The Pope's Remarkable Interview

by Michael Sean Winters

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Like Bishop Thomas Tobin of Providence, RI, I am disappointed with Pope Francis. The release of his interview for a group of Jesuit magazines prevented me from enjoying my nap yesterday as the phone rang off the hook. As I said to one friend, “my butt is sore from falling out of my chair as I read through the text.”

Of course, the mainstream media focused immediately on the Pope’s explaining why he has not spoken much about abortion, same sex marriage and contraception. Conservative complaints to the contrary, that probably is the lede here precisely because it is such a break from the stance of so many U.S. bishops and from the bishops as a body. Remember, this interview was given before Bishop Tobin published his article expressing his disappointment that Francis did not spend more time talking about abortion. Tobin is not alone. We did not have a Fortnight for Immigration Reform or a Fortnight against Poverty or, perhaps what Francis would really like, a Fortnight for Mercy. As one wag said yesterday, “Has anybody checked the roof at the USCCB, because I am pretty sure the fifth floor just went through it.”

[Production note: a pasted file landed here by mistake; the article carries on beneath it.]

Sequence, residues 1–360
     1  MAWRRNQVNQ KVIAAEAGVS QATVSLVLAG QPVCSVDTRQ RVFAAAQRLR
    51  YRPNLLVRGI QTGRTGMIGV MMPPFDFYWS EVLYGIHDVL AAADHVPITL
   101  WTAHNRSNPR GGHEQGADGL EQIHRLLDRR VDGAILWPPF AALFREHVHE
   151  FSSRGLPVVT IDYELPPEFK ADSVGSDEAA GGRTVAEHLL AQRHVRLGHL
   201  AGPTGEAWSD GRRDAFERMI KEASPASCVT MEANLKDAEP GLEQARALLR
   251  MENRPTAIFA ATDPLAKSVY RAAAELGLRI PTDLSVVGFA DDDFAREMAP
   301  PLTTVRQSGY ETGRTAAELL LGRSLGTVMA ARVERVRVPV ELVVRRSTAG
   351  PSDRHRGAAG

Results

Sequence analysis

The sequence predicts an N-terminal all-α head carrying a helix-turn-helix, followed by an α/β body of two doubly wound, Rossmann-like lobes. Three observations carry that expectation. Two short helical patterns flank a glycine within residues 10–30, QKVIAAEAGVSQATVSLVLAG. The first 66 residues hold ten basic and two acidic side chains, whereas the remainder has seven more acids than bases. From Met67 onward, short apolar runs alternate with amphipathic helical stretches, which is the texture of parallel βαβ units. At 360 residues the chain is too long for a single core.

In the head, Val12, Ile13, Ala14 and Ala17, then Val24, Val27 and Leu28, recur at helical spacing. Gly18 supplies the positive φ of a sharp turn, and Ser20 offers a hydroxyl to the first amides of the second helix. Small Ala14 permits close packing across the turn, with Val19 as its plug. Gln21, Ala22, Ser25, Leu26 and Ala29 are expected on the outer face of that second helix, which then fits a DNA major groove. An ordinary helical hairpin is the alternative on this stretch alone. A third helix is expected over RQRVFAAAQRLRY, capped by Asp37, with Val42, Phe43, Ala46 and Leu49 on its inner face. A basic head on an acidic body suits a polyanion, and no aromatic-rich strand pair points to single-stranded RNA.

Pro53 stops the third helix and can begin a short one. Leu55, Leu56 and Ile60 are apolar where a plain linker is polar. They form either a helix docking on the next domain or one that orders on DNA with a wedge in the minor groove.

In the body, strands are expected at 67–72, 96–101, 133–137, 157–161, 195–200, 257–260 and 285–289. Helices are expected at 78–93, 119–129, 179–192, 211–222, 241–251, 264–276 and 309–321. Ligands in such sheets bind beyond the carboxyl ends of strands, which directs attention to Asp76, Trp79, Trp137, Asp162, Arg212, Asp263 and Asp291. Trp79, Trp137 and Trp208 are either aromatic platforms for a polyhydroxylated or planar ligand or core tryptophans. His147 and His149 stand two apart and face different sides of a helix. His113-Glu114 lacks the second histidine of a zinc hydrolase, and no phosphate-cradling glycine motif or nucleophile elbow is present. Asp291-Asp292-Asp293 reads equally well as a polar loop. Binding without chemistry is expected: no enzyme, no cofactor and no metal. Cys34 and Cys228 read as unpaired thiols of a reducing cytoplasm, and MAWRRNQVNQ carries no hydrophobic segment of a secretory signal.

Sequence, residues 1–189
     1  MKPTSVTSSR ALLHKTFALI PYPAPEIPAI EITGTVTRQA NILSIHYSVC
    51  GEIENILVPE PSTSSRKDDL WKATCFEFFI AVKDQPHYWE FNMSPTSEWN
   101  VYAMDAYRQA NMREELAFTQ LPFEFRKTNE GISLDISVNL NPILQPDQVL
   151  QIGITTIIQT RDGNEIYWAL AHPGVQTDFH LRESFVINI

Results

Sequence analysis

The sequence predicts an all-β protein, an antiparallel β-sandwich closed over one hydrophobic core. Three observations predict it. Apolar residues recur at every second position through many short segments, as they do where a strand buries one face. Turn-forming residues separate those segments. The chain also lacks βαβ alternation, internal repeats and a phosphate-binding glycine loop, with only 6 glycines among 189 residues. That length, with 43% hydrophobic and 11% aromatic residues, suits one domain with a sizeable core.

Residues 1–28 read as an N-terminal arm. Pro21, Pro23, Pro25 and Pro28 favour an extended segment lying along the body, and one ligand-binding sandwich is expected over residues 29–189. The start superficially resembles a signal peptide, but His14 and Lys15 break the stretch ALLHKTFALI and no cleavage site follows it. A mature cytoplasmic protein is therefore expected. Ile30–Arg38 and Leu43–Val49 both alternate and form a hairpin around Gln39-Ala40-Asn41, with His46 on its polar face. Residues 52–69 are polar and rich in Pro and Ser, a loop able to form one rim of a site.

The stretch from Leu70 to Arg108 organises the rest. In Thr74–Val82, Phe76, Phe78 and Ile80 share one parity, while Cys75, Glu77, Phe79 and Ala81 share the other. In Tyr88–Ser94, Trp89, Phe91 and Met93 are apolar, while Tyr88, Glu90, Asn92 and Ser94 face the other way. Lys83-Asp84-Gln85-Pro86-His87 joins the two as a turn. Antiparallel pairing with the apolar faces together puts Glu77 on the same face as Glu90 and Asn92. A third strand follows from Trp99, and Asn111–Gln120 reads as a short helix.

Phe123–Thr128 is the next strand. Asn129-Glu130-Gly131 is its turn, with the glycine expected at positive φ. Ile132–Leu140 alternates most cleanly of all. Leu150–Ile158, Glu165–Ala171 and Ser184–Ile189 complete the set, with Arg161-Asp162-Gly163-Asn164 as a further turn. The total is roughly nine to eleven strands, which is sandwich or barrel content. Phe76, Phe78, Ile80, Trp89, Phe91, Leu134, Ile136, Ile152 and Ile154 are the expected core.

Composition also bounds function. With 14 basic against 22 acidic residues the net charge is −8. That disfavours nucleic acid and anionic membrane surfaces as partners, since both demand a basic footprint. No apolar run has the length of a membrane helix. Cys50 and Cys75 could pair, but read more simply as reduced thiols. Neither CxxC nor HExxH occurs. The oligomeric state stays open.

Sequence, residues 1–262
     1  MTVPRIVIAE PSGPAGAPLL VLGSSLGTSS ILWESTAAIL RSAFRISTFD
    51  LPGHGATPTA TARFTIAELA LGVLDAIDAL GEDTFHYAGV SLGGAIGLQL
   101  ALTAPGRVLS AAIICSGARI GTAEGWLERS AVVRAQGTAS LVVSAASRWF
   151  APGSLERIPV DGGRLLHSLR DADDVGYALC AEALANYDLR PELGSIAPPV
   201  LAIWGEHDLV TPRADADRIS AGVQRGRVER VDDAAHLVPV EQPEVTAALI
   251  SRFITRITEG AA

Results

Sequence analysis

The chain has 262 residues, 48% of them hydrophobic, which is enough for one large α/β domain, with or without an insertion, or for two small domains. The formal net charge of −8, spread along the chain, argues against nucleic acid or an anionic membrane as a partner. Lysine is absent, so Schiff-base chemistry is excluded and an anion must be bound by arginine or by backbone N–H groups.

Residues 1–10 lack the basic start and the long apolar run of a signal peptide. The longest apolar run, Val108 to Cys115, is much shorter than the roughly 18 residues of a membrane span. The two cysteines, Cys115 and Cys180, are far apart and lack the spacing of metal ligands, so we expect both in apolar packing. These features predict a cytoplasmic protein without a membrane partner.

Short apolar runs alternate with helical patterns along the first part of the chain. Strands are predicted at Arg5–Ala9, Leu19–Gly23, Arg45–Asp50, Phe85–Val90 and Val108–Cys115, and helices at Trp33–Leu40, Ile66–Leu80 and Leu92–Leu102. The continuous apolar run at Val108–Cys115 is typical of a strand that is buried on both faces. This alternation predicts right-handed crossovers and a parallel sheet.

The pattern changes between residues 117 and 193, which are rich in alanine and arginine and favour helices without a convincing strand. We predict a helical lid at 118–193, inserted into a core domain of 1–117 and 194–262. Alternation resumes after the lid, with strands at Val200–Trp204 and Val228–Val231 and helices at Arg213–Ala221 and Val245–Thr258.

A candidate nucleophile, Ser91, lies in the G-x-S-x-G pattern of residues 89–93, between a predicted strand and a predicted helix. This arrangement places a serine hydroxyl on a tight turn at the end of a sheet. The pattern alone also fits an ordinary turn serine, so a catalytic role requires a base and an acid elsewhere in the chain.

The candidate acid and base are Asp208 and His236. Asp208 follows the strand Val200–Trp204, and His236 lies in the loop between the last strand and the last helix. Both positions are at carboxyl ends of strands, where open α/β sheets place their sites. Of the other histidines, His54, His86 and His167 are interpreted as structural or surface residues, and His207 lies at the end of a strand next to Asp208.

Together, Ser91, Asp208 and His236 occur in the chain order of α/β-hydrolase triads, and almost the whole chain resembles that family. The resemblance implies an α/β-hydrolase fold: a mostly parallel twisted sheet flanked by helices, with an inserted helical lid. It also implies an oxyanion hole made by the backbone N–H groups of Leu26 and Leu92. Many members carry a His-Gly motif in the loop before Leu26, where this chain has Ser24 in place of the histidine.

Pope Francis’ comments are not such a break from the teaching and theology of Pope Benedict. One of the central intellectual concerns of Joseph Ratzinger and, as well, the entire Communio project, was to end the manner in which modernity sought to reduce our religion to ethics.  That reduction has been a principal concern of mine at this blog. Pope Francis says it neatly: “The dogmatic and moral teachings of the Church are not all equivalent….We have to find a new balance; otherwise even the moral edifice of the Church is likely to fall like a house of cards. The proposal of the Gospel must be more simple, profound, radiant. It is from this proposition that the moral consequences then flow…The message of the Gospel, therefore, is not to be reduced to some aspects that, although relevant, on their own do not show the heart of the message of Jesus Christ.” Again, when Robbie George devised the “five non-negotiables” for the Church in the public square, was that not precisely the reduction of religion to ethics (and to politics) that the pope is here warning against? Was one of those “non-negotiables” the “mercy of God”?